Many economists suggest China is on the cusp of significant growth in domestic consumer demand as China shifts from exporter to consumer. These economists postulate that rising domestic demand coupled with continued growth as the global exporter will push both China and the global economy into high gear. China suggests that it will achieve 6.5% annual GDP growth. However, I’ll briefly show why none of these outcomes is remotely likely.
Problem #1- China as Consumer:
According to the UN data, China’s 15-40yr/old childbearing population peaked in 2005 and has been rapidly shrinking since. Since ’05, China’s population capable of producing more Chinese has fallen by 83 million persons or a 14.3% decline. By 2030, China’s childbearing population will have declined by 157 million or a 27% reduction of those capable of childbirth (no estimate here…this is simply moving the existing population forward in adulthood). Couple a massive decline in the childbearing population and the ongoing negative birthrate and serious depopulation (particularly among the rural regions) is not only possible but growing more likely. Minor increases in wages will be no match for the massive declines in the consumer base.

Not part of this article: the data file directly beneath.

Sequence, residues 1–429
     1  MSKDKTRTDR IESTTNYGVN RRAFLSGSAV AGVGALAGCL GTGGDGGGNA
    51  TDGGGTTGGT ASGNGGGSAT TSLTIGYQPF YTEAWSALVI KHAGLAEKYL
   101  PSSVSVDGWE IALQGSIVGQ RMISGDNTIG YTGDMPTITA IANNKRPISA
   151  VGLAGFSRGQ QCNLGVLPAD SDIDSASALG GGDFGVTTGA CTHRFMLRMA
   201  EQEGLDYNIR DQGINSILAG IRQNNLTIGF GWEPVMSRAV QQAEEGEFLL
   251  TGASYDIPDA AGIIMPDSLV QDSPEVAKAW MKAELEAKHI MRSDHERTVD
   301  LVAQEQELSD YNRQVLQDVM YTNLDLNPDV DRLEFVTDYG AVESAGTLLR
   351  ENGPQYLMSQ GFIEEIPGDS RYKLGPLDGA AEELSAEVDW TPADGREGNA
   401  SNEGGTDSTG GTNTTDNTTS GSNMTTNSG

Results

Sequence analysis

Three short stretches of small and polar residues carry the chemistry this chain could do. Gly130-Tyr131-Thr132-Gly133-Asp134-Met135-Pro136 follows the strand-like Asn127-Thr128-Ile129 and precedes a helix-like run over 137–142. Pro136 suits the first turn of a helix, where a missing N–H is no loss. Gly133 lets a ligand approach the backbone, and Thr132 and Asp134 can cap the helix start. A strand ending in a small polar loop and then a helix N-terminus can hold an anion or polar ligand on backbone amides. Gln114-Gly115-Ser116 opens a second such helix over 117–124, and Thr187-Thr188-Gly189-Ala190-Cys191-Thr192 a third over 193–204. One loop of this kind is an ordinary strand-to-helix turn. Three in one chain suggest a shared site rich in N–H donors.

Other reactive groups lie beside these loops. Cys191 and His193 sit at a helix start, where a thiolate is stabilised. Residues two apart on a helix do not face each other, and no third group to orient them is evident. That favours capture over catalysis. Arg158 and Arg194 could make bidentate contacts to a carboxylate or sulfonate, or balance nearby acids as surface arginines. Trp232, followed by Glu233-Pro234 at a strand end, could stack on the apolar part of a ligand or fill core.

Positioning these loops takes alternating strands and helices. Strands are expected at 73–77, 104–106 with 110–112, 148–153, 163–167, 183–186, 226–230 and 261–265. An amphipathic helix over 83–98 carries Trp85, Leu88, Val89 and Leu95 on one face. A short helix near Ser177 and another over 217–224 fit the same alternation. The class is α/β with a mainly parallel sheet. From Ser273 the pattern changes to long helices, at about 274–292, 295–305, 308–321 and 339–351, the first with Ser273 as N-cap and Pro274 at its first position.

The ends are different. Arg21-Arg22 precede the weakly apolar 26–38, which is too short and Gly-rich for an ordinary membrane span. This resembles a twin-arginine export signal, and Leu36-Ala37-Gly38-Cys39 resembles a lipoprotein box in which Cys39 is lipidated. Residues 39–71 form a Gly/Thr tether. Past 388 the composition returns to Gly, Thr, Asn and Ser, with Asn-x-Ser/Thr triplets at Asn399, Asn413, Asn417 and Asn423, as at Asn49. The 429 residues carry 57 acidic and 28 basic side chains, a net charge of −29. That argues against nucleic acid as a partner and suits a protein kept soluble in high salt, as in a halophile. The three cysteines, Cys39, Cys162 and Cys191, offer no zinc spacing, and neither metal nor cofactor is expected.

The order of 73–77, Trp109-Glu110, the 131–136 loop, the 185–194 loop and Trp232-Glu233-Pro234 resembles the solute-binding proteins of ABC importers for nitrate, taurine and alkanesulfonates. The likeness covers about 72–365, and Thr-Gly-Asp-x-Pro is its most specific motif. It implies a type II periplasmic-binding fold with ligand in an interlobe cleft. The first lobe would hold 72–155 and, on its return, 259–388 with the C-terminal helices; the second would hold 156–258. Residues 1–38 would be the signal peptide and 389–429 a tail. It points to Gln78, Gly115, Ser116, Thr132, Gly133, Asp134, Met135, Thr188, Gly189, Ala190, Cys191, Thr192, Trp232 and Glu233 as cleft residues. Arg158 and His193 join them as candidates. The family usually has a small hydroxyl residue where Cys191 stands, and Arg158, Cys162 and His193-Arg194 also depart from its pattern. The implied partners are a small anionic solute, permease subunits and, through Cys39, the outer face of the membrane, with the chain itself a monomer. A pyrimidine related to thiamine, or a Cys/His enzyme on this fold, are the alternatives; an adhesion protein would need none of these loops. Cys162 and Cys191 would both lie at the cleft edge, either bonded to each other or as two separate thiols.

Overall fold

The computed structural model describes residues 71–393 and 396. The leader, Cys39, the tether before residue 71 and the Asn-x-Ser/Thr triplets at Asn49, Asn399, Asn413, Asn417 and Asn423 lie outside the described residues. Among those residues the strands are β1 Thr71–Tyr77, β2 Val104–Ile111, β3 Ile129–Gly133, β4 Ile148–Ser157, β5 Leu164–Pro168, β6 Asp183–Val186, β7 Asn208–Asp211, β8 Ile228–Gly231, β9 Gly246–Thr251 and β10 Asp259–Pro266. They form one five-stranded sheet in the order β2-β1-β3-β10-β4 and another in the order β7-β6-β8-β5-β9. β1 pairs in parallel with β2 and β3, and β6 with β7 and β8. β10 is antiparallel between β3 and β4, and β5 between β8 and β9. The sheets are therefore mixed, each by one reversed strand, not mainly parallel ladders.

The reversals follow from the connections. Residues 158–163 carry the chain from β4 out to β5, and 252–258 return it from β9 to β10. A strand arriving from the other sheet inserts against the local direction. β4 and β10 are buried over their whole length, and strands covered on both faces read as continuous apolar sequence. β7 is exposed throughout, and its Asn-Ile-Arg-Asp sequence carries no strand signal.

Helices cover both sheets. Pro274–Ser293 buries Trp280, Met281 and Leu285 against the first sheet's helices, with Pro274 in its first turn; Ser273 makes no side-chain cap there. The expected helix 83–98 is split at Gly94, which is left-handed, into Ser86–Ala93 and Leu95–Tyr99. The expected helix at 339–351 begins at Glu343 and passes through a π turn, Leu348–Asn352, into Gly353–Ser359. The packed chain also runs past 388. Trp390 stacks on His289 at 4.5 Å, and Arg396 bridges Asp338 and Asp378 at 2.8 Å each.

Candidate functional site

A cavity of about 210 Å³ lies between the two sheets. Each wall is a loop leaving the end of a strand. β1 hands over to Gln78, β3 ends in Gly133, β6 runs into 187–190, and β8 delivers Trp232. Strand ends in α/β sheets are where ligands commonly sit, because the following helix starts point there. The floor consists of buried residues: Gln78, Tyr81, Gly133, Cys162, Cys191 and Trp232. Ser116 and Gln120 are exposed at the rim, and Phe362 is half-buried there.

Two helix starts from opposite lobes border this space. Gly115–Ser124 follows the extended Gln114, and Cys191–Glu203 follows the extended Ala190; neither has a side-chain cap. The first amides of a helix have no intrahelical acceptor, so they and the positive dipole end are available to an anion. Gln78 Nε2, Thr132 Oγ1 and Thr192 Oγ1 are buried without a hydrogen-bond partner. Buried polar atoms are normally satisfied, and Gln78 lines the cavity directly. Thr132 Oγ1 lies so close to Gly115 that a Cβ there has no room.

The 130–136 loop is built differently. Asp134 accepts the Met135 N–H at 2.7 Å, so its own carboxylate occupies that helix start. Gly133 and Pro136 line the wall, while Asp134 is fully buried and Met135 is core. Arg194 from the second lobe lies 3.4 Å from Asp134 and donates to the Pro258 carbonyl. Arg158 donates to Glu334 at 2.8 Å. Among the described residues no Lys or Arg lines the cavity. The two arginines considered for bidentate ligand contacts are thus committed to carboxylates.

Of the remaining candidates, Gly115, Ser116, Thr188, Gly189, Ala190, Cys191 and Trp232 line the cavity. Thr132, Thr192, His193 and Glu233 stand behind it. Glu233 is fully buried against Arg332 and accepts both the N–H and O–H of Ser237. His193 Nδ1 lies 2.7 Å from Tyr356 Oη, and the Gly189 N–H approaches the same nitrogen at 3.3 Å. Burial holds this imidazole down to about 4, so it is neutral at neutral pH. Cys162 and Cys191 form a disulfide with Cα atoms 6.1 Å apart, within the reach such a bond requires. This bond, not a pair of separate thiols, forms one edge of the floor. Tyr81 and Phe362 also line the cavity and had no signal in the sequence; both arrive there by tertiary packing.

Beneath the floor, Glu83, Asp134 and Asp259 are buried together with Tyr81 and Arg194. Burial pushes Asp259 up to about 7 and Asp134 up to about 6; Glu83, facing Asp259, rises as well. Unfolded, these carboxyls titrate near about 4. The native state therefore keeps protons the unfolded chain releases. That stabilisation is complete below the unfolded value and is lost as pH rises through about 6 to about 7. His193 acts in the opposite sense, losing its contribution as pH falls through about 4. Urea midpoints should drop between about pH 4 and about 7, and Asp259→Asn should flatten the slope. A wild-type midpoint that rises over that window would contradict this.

The chart below shows China’s total 15 to 40 year old population (in blue) and the annual change (in red).
As for China’s 40 to 65 year old population, peak annual growth is well in the rear view mirror but one final bump in population growth remains before depopulation ensues. However, the mild acceleration in growth will be more than offset by the declining 15 to 40yr/olds (chart below).
Simply put, China has seen peak domestic consumption and peak demand. The impact of large, growing declines in the consumer base are only being masked by massive central monetization and wasteful misallocation of resources. That misallocation has resulted in China’s massive surge in energy consumption.
…click on the above link to read the rest of the article…